Wondering what IP developments took place last week? Look no further as we present to you the SpicyIP Weekly Review, highlighting the discussions that took place on the blog along with other IP news.
Highlights of the Week
Changing substantive safeguards through procedural amendments. That’s perhaps the best way to summarize the recently proposed Draft Patent Amendment Rules. In this co-authored post Swaraj and Praharsh argue how the draft rules are against the spirit of some of the substantive flexibilities within the Patents Act and ignore the precedents underlying the importance of these provisions. Comments on the draft rules are invited by the ministry and are due by September 22.
The Delhi High Court recently questioned the Controller’s office regarding mechanisms for the governance of patent and trademark agents. Lokesh dives into this issue and argues that there already exists such a mechanism under Patent and Trademark law albeit mostly unused.
The recently released Declaration includes commitments on protecting Cultural Heritage and introducing Digital Public Infrastructure (DPI) in LMCs. Read this SpicyIP tidbit from Gaurangi to know more!
Continuing the SpicyIP Flashbacks series, Lokesh pored over the posts published in “Augusts” (from 2005 to the present) with some interesting anecdotes on transparency & bias, the MHRD/DPIIT IP Chairs, Counterfeit Goods, Whistleblower Act and India’s continued problems with drug regulation!
The TM Public Search and E-Register features on the IP India website will be unavailable from 10 AM to 4:30 PM starting 14 September.
The Trademarks Agent Exam is likely to take place on January 6, 2024, and the Patent Agent Exam is likely to take place on January 7, 2024.
We’re pleased to bring to you a sponsored post by UNH Franklin Pierce School of Law about its Associate Dean for Administration and Enrolment’s visit to India.
Delhi High Court decreed the suit in favor of the plaintiff wherein the defendant agreed to modify the packaging, colour and the writing font for its ‘Imperial Vat No. 1’ whiskey.
Delhi High Court rejected Cadila and Hetero’s application to dismiss the suit regarding Trastuzumab and Bevacizumab. The plaintiff has contended that permission for pre-clinical or clinical trial protocol and manufacturing authorization granted to the above companies for biosimilar versions of Trastuzumab and Bevacizumab should be invoked for the attempts sell of their drugs as biosimilars without conducting necessary tests. The court held that the plaintiff has a cause of action and refused to dismiss the suit.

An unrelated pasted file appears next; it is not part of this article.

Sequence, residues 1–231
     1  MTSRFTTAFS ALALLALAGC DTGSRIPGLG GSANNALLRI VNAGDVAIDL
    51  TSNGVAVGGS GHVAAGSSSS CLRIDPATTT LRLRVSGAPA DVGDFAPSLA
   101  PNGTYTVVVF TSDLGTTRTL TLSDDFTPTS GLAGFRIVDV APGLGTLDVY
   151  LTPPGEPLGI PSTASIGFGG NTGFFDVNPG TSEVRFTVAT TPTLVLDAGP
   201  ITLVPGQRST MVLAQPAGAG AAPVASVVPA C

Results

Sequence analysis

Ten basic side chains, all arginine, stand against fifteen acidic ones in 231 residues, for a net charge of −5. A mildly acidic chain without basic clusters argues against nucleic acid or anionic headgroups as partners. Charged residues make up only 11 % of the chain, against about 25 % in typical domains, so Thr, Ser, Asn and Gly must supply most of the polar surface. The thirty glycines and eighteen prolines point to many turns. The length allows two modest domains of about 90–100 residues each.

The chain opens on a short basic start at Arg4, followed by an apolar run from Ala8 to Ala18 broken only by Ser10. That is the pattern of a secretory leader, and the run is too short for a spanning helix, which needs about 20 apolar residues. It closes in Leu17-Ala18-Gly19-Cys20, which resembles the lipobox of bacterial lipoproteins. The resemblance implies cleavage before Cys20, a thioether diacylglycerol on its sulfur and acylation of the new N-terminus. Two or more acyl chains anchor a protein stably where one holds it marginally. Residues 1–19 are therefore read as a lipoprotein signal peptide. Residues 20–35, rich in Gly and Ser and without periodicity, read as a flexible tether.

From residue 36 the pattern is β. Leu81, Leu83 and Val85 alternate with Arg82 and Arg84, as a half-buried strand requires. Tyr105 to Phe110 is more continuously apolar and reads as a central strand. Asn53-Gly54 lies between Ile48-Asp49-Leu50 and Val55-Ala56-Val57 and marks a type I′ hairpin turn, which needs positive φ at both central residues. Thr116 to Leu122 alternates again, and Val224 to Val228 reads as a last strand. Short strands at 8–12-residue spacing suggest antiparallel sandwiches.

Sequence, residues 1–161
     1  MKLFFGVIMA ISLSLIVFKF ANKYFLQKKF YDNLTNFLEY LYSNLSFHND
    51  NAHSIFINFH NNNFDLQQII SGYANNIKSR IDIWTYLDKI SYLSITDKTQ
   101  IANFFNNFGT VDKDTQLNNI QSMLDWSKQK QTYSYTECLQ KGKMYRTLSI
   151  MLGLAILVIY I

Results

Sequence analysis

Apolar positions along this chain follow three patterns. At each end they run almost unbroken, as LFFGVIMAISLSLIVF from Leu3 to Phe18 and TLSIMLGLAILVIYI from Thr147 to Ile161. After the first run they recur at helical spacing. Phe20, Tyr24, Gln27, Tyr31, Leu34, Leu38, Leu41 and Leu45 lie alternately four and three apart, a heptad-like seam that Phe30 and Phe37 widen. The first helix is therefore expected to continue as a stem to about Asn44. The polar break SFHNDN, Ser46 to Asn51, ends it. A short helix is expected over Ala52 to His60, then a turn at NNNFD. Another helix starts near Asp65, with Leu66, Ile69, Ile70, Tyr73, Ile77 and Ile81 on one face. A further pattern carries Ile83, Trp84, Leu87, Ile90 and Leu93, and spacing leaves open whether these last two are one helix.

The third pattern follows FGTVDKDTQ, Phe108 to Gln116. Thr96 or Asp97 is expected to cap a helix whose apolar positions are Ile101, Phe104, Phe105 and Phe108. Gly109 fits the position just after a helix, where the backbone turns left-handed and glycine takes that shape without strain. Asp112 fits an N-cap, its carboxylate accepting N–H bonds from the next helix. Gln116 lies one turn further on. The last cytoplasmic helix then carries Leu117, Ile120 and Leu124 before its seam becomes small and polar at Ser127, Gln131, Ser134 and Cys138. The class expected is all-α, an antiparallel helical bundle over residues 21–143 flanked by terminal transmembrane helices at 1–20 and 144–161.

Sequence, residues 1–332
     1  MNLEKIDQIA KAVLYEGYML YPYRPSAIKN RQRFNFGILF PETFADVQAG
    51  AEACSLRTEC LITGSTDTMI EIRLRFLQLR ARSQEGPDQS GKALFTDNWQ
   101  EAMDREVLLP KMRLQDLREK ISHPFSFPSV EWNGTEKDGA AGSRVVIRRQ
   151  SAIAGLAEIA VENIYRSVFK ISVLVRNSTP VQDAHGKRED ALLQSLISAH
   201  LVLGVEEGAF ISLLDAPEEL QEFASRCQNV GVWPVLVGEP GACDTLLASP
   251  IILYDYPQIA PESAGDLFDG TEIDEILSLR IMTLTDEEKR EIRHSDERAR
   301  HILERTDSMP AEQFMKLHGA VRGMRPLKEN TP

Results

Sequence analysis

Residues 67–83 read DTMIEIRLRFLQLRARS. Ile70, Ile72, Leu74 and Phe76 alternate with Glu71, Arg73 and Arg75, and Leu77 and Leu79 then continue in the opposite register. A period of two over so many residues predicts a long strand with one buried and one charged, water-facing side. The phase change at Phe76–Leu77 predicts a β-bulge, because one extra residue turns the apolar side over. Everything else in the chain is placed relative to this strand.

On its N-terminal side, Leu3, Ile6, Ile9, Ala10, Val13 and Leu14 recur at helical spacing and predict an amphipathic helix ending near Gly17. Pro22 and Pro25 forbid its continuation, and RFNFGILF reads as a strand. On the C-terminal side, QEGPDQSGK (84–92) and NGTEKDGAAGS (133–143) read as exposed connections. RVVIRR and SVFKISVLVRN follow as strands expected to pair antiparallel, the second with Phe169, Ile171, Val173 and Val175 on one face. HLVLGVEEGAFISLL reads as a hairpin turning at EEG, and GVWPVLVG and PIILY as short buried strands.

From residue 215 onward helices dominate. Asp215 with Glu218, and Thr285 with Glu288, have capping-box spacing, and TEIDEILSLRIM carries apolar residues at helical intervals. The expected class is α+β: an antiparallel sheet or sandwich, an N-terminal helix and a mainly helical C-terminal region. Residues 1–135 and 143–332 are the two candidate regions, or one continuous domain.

Upholding the impugned interim order by the Bombay High Court, the Supreme Court reiterated that for establishing goodwill of the product a party must prove not only the figure of sales but also the expenses incurred in the promotion of the product and that acquiescence is a valid defence against copyright infringement.
Delhi High Court decreed the suit in favor of the plaintiff against 24 defendants and passed an interim injunction against 5 defendants, restraining them from using the impugned “Tak” marks which were held to be deceptively similar to the plaintiff’s “Aaj Tak” family of marks.
Delhi High Court allowed the petitioner to file a rejoinder subject to payment of INR 1 lakh as costs. The petitioner sought an adjournment to file a rejoinder, but the court observed that the petitioner has neither filed a rejoinder even after 12 years since the date of the respondent’s reply nor has approached the respondent for settlement. However, the court allowed one last opportunity to the petitioner owing to the recent developments in the fixation of tariffs/ rates.